As I previously discussed in my blog (see http://blogs.ilw.com/entry.php?10179...udits-and-More), California’s Immigrant Worker Protection Act requires the following:

    1. employers must notify their employees by written notice within 72 hours of Notice of Inspection (NOI) of I-9 records;
    2. employers must notify their employees, individually, of the results of the I-9 audit by Immigration and Customs Enforcement (ICE) within 72 hours of receiving the results of the NOI;
    3. ICE agents are to provide a judicial warrant to employers to access non-public portions of worksites; and
    4. employers are prohibited from sharing confidential employee information, such as Social Security numbers, unless required to do so in a NOI or provided a judicial warrant.


    The law does not restrict ICE from providing a NOI to an employer demanding the employees’ I-9 forms within three days of service of the NOI and the employer being required to honor it.

    For a review of all employment and immigration-related state laws and other issues related to employer immigration compliance, I invite you to read my new book, The I-9 and E-Verify Handbook, which is available at http://www.amazon.com/dp/0997083379.
  5. ICE Targeted 7-Eleven Stores for “Silent Raids”

    By: Bruce Buchanan, Sebelist Buchanan Law

    As discussed in my prior blog entry (http://blogs.ilw.com/entry.php?10245...-Service-Chain) that Immigration and Custom’s Enforcement (ICE) would be targeting a national food service chain, ICE delivered Notice of Inspections (NOIs) (sometimes referred to as “silent raids”) at 98 7-Eleven stores nationwide on January 10, 2018 demanding to see the I-9 forms of all employees. Furthermore, ICE detained 21 employees.

    The 7-Eleven stores involved are in 17 states, including California, Florida, Michigan, Missouri, New Jersey, New York, Pennsylvania, and Texas. 7-Eleven, Inc. issued a statement stating each of the stores is a franchise, who is “solely responsible for their employees, including who to hire and verifying their eligibility to work in the United States.” Furthermore, it stated that the franchise agreements of franchisees “convicted” of violating immigration laws, have been terminated.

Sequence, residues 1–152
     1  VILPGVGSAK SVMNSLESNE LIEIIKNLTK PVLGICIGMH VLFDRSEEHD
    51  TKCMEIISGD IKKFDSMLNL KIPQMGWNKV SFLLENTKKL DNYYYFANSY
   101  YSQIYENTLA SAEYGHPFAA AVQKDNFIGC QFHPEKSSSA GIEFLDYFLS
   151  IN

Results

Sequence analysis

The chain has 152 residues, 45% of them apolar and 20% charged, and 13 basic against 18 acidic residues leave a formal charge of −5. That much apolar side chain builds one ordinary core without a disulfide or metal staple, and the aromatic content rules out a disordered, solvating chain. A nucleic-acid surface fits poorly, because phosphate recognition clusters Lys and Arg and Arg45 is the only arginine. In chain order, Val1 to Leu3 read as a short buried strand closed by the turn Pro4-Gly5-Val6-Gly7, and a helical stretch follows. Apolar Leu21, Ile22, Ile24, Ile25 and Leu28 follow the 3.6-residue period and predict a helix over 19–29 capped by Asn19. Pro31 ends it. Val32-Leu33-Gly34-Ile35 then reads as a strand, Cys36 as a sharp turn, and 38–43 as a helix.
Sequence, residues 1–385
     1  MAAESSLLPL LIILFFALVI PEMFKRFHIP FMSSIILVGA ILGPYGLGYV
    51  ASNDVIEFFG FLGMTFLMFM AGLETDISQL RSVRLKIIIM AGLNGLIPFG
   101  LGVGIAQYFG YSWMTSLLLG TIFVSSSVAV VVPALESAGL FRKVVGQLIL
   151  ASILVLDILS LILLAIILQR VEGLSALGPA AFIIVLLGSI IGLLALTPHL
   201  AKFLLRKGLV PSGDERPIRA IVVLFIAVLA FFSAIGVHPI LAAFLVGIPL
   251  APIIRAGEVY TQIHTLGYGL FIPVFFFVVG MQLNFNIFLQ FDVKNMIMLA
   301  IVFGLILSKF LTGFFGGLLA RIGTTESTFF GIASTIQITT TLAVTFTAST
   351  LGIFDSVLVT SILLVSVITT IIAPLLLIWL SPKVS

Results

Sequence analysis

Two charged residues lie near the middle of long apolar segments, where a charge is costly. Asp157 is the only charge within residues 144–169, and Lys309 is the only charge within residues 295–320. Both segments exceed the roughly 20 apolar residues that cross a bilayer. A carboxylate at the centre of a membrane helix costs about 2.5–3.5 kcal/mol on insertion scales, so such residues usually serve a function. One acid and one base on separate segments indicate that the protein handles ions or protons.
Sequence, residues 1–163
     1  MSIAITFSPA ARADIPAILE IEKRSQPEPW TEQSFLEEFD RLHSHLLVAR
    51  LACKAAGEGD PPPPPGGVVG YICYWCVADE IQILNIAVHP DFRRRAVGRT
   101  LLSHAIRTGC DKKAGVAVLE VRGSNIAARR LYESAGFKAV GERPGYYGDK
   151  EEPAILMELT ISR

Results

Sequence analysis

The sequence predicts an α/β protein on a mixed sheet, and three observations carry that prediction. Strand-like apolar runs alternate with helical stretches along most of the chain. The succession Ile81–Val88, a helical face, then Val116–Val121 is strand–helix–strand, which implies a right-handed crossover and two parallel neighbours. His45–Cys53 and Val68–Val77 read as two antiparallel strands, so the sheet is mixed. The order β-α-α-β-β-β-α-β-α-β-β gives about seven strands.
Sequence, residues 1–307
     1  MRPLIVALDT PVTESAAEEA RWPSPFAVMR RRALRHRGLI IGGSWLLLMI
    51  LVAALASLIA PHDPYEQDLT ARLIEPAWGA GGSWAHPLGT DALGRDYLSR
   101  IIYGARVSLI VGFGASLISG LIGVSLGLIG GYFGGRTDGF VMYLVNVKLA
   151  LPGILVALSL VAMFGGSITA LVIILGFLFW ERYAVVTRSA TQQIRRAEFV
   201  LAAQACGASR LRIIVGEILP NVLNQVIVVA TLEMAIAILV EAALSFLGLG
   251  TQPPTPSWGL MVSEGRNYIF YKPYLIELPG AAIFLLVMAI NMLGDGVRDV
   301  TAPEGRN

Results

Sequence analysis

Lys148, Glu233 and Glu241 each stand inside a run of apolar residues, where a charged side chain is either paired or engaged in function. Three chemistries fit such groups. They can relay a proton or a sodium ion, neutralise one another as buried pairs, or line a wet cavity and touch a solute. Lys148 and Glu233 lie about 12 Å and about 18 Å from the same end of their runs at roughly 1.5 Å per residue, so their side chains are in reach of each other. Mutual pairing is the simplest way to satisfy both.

ICE referred to their recent actions as a “follow-up” of a 2013 investigation that resulted in the arrests and convictions of five franchise owners in New York and Virginia for harboring undocumented workers and wire fraud. Because of these convictions, it spawned the largest forfeiture in ICE history – forfeiture of franchise rights to 14 stores, forfeiture of five houses, valued at $1.3 million, and restitution of over $2.6 million for back wages stolen from employees. See my blog entry (http://blogs.ilw.com/entry.php?8272-...in-ICE-History) for October 6, 2014 for more details on the 2014 convictions.

    Thomas Homan, acting director of ICE, issued a statement – “Today’s actions send a strong message to U.S. businesses that hire and employ an illegal workforce: ICE will enforce the law, and if you are found to be breaking the law, you will be held accountable.”

    One of the unique aspects of the delivery of NOIs is the detention of 21 employees. In the Obama administration, which issued thousands of NOIs every year, ICE would not normally detain workers at the time of the NOI; rather, ICE would issue a Notice of Suspect Documents to the employer stating the named employees’ documentation did not demonstrate work authorization. Then the employer gave the employee an opportunity to provide “new” documentation. If employees were unable to provide valid documentation, the employer had to discharge the employees or face penalties. However, at no point in this process did ICE seek to detain undocumented workers.

    Homan had previously stated ICE was going to detain undocumented workers during NOIs and now we know how ICE is going to accomplish this. Unless ICE can establish that the employer was aware or should have been aware of the workers’ undocumented status, the employer will not face civil penalties or criminal penalties. In ICE’s previous actions toward 7-Eleven franchises, it established knowledge of undocumented status.

    After the indictments and convictions of the store owners in New York and Virginia in 2013 and 2014, 7-Eleven’s corporate office stated it would “take aggressive actions to audit the employment status of all of its franchisees’ employees.” However, 7-Elevens recent statement appears to try and wash their hands of any responsibility or liability for the franchisees’ actions.

    I will keep you abreast of future developments in the case. For a review of ICE’s civil and criminal actions against employers as well as other employer immigration compliance issues, I invite you to read The I-9 and E-Verify Handbook, a book that I co-authored with Greg Siskind, and is available at http://www.amazon.com/dp/0997083379.
Page 2 of 74 FirstFirst 12341252 ... LastLast
Put Free Immigration Law Headlines On Your Website

Immigration Daily: the news source for legal professionals. Free! Join 35000+ readers Enter your email address here: